Lotus Lore

(This article was published in the Shenzhen Daily on September 26, 2016.)

Lotus flowers at Longxing Temple, Zhengding (Shijiazhuang), Hebei

The lotus is preeminently the flower of Buddhism. I have spent hours gazing at lotus ponds in temples in Japan and China, and have come to love their symbolism.

The best-known meaning of the lotus is this: it is rooted in the mud (representing the world of Samsara, the cycle of death and rebirth that all sentient beings go through according to Buddhist teaching); it grows up through the water (the struggle for enlightenment); and at last bursts out into the atmosphere, symbolic of the release from the cycle and the attaining of Nirvana, the condition beyond Samsara.

The Buddha himself gave this meaning when he said: "Just like a red, blue, or white lotus--born in the water, grown in the water, rising up above the water--stands unsmeared by the water, in the same way I--born in the world, grown in the world, having overcome the world--live unsmeared by the world."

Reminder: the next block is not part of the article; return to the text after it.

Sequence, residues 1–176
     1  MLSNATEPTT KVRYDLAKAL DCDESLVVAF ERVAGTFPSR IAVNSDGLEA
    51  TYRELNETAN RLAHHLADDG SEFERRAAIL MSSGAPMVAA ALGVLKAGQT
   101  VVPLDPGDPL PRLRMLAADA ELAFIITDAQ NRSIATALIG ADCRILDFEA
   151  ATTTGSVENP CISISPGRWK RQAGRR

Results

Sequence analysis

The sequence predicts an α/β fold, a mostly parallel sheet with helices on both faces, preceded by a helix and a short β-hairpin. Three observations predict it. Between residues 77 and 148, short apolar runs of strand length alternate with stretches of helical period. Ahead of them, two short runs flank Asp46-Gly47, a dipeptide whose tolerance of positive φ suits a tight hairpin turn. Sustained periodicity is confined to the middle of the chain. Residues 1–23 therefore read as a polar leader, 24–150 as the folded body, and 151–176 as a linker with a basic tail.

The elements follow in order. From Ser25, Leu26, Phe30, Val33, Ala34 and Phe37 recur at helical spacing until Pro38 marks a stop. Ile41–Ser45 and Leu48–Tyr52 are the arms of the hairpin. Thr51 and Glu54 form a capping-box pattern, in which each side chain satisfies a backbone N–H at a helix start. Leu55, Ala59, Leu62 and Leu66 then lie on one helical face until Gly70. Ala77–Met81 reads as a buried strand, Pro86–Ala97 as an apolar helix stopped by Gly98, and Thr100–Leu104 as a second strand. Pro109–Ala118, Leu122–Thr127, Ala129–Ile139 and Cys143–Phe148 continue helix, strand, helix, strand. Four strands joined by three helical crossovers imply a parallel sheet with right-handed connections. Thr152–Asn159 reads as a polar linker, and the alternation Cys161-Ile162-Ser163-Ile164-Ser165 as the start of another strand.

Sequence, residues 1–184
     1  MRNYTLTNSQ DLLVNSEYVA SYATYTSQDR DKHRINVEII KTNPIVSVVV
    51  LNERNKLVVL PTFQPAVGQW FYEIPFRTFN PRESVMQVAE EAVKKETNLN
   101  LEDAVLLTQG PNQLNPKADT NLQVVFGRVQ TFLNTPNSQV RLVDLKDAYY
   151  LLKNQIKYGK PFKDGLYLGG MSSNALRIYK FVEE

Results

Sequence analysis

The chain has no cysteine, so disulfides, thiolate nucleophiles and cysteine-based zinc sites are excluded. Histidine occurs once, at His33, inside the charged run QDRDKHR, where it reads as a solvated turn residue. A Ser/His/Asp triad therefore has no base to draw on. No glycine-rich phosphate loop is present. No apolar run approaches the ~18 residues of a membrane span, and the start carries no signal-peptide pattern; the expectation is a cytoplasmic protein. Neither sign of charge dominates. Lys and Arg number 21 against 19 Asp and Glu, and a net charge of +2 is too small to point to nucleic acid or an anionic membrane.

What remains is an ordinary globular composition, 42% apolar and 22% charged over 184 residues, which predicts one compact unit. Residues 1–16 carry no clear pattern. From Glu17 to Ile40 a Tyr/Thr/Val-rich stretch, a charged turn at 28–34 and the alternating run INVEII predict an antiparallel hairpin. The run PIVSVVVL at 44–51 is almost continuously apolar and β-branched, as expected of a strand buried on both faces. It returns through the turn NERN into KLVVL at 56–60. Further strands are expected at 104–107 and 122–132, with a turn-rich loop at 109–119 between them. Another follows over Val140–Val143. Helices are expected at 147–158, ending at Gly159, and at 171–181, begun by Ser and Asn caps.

And remember that "Flower Sermon," the one that only Kashyapa understood, making him the first Chan Patriarch? Tradition says the flower was a lotus.

There are other meanings to the lotus in Buddhist art, as well. Guanyin, the Bodhisattva of Compassion, is often seen holding a lotus bud, symbolizing the potential for enlightenment (as an open flower represents its attainment).

Another important Buddhist idea, that of detachment, is indicated in the way the beads of water roll off a lotus leaf without soaking in.

And the famous chant Om Mani Padme Hum is understood as "Hail the Jewel in the Lotus!"--that is, the Nirvana or Buddha Nature that permeates Samsara.

A lotus pond at Puji Temple on Putuo Shan, Zhejiang

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